Placed alongside diet and exercise as the third pillar of health, a good night’s sleep continues to elude many Australians, with as many as four out of ten getting insufficient, restorative sleep each night - according to a recent study by the Sleep Health Foundation.
Putting sleep higher up on the lifestyle scale is therefore critical in all areas of your life and starting by creating an atmosphere at home - particularly in your bedroom - is key, along with a focus on a healthy diet and exercise that helps to promote, not inhibit sleep.
The Sleep Health Foundation stresses that bed is for sleep, not entertainment. iPads, phones, Netflix and similar stimulation interrupt your sleep and only act as a distraction.
It doesn’t stop with screens, however. Lighting designed to create an atmosphere of calm is paramount to relaxation and getting ready for a good night’s sleep. “Most people know that the blue light emitted by screens is harmful for sleep cycles but how many of us stop to think about the colour of the lights in the bedroom and how that might be affecting our sleep too,” says Marc Alexander, Co-Founder of LIFX.
Once beer-swilling, rugby-playing, pub-frequenting blokes, now authors of three bestselling cookbooks, three retail healthy cafes and a growing offering of over 25 plant-based food products, identical twin brothers Dave & Steve Flynn are taking the world by storm with their infectious enthusiasm for a healthier lifestyle via the multi-platform company The Happy Pear.
Sleep is at the top of their agenda and they offer the following tips to achieve optimum zzz’s on their YouTube channel:
1. Consistency and routine
- Go to bed at the same time every night – preferably before 10pm and wake up at the same time each morning
- No sleep-ins!! Sleeping in to make up for lost sleep is less effective than setting a routine and sticking to it
- Nap in the afternoon if you need a catch up
- Start winding down 90 minutes before you go to bed – adopt for yourself a similar routine you would for children - lower the lights, take a bath, choose more gentle activities such as quiet reading or listening of music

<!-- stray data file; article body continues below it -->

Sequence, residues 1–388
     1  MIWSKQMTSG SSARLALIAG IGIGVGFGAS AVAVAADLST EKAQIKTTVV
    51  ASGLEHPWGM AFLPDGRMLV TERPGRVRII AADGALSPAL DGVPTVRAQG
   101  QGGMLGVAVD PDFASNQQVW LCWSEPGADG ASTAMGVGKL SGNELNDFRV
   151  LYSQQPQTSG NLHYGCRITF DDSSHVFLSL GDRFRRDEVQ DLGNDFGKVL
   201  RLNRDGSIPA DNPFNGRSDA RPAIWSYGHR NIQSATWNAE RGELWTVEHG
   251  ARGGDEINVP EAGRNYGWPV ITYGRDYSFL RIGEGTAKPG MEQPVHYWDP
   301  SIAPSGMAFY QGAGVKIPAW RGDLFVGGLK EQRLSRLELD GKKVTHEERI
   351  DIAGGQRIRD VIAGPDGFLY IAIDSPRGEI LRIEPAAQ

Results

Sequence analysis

- No screens! Avoid the stimulation of a screen or action film
2. Melatonin and beauty sleep
Vital to good sleep, according to Dave & Steve the body starts producing melatonin around 6-6:30pm, peaking at 9:30pm. After that the body starts to produce human growth hormone (HGH) so from 10pm-2am is the best time to get deep, restorative beauty sleep.
Amber lighting is ideal for the production of melatonin and many lights in the home give off a blue or green colour – particularly electronic devices. Adjust your screens and phones to switch from blue/green to a softer night-time setting after 6:30pm to avoid the wrong kind of light right before you sleep.
In your bedroom adjust the lighting or light bulbs beside your bed to an amber tone, or consider installing smart lights such as Philips Hue and LIFX Day & Dusk that you can configure to mimic the movement of the sun and help regulate your sleep routine.
3. Circadian rhythms
Observe your body’s natural rhythm which, whilst different in each person, is essentially set by the rising and setting of the sun. Getting outside early in the morning calibrates your circadian rhythm and helps your body adjust to and operate within its natural and most effective state.
4. Your bedroom setup
More than just low lighting, the temperature in your bedroom should remain a couple of degrees lower than the daytime temperature you’re used to. Use blackout blinds on your windows and don’t turn on the light if you get up during the night.
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